ECB Could Provide Clarity on Terminal Rate in March, Centeno Says
13 February 2023
By Xavier D’Arcy – FRANKFURT (Econostream) – European Central Bank Governing Council member Mário Centeno said on Monday that the ECB’s terminal rate should become a lot clearer at its upcoming monetary policy meeting in March.
Centeno, who heads Banco de Portugal, noted that the ECB had stated its intention to hike by 50bp in March, but said that the central bank should remain open-minded.
‘March will be very important’, he said, ‘because the new forecast is going to tell us exactly where we are in this process and we for sure are much closer to that terminal rate than before; we are approaching it.’
The upcoming monetary policy meeting ‘will be a great moment for us to be very clear’ about the terminal rate, he said. There was ‘a huge probability or at least a significant probability’ that the ECB could provide concrete guidance on the subject, he said.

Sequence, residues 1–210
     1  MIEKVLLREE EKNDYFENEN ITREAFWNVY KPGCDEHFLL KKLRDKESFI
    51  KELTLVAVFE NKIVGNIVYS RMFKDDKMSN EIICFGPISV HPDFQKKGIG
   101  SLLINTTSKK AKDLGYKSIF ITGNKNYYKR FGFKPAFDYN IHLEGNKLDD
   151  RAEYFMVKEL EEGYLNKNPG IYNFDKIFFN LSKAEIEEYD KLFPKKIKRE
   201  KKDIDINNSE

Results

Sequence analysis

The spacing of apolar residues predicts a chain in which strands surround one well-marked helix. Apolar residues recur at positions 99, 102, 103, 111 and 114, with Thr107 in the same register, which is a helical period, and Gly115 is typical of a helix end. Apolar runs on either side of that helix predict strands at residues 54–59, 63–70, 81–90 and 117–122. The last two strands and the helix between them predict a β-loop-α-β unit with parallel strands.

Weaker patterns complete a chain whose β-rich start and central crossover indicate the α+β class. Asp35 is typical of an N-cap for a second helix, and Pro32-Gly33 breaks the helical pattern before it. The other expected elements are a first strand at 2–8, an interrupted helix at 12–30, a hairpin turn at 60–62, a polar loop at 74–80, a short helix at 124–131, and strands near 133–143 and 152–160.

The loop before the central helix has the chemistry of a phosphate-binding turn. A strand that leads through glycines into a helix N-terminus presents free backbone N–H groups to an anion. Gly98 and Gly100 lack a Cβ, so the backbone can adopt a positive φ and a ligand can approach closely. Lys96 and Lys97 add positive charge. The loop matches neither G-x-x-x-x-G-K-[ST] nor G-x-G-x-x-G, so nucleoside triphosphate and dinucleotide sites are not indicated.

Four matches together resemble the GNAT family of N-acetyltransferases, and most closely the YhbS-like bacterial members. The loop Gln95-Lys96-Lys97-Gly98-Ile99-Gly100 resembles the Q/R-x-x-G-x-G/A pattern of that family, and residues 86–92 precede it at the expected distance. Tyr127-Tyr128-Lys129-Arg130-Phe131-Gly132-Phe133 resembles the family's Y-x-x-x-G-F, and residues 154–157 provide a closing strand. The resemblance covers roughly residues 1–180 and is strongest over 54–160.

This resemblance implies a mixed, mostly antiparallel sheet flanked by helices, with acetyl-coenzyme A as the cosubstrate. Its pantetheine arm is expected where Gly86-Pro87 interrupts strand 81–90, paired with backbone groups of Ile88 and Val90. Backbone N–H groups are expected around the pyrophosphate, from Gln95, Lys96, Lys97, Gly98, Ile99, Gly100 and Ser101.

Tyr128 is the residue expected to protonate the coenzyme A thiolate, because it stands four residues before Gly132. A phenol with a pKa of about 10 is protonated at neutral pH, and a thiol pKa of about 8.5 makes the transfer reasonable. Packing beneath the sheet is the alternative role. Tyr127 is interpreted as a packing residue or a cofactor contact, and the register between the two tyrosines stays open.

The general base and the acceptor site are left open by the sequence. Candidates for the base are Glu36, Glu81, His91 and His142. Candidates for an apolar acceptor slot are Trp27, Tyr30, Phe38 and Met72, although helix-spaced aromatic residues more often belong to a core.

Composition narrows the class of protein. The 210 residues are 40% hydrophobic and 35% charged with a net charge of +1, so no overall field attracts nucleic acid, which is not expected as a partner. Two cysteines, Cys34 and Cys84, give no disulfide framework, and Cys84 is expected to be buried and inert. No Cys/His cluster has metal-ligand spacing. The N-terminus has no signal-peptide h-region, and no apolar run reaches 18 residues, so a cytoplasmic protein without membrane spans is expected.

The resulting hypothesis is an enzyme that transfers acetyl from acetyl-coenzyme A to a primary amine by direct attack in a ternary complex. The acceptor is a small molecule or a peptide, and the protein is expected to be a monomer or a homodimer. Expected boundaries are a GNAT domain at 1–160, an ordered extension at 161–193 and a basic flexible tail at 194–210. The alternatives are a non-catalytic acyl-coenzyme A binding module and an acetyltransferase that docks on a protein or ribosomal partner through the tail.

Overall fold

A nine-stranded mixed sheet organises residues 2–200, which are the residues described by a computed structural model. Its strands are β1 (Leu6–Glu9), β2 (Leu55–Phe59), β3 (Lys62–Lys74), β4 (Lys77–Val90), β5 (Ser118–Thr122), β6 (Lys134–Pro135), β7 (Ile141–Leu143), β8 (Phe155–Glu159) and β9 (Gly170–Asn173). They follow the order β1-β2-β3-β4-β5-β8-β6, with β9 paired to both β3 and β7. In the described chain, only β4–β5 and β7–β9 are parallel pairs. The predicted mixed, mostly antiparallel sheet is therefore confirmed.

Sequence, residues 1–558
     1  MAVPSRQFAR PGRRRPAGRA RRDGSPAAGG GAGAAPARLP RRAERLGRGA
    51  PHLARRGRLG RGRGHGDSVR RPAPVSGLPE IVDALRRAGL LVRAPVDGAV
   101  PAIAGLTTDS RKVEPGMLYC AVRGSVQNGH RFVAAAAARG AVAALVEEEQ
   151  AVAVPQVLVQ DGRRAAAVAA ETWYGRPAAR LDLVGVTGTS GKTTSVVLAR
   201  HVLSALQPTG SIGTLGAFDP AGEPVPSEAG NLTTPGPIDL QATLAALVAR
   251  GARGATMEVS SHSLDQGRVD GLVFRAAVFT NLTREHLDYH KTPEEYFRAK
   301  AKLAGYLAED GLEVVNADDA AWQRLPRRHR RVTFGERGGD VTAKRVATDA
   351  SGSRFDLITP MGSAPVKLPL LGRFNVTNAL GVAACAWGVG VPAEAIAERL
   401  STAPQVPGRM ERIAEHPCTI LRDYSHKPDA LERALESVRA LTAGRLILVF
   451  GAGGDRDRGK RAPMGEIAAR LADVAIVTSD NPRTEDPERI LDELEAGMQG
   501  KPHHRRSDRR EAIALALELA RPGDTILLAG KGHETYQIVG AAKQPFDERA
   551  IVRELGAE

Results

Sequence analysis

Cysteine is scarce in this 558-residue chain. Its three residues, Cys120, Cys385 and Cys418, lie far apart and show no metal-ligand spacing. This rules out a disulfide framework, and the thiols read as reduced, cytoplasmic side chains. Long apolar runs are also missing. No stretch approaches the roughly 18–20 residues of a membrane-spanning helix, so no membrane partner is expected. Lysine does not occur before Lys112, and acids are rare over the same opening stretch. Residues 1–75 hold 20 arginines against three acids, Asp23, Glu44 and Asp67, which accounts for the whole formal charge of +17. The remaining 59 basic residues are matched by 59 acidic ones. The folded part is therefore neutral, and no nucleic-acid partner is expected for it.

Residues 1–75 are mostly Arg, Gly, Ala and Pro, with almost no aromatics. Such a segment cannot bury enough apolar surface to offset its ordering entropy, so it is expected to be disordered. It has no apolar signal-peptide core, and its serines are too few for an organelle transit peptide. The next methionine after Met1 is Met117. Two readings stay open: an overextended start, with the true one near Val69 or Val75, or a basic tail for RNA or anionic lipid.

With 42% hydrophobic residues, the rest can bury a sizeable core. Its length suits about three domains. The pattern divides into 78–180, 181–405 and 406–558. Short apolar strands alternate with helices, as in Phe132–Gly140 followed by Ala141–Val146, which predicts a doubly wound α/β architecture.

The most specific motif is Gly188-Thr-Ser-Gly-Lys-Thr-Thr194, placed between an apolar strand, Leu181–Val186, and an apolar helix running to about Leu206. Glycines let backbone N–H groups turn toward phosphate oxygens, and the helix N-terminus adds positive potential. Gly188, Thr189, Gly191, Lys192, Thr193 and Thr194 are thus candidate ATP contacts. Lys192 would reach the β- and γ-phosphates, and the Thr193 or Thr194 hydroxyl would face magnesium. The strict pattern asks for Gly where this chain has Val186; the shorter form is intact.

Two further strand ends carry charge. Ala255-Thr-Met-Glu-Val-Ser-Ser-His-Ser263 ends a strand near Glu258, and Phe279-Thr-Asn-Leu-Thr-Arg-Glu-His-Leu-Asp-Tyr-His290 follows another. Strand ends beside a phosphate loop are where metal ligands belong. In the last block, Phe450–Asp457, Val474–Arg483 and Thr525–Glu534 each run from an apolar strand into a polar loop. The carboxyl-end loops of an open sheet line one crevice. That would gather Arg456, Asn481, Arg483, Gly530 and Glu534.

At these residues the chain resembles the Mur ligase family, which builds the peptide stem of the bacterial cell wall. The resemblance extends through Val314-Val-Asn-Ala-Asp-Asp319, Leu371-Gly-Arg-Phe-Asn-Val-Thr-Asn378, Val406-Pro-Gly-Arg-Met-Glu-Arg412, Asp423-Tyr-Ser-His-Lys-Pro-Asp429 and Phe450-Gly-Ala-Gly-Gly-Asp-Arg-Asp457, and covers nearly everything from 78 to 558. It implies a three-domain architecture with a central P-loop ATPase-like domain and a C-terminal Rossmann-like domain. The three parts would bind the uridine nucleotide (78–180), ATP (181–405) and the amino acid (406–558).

Issuing guidance on the terminal rate in March would nevertheless be dependent on the updated staff projections, he said, adding that he would stay short of promising something concrete, but that ‘the possibility exists for us to do that.’
On the probability of a 50bp hike in March, he said that although the ECB had declared its intention to make such a move, ‘we need to be open minded’, and ‘we will decide meeting by meeting and then being data dependent.’
Policymakers ‘need to be open to all possibilities’ he said, noting that ‘recently … inflation surprised us on the downside for the first time in many, many years; that's great for Europe.’
If the Governing Council saw that inflation was projected to be ‘close enough’ to its target of 2% in the medium term, ‘we can we can certainly pause this process of hiking’, he said.
The ECB could, he hoped, be clearer about its future moves: ‘hopefully we can be more predictable as long as this [downward] trajectory of inflation is set.’ He said that ‘our interest rate needs to converge at some point to what we call the natural rate, and we will do it because that's the nominal anchor that we need in monetary policy. And I think we have it in sight.’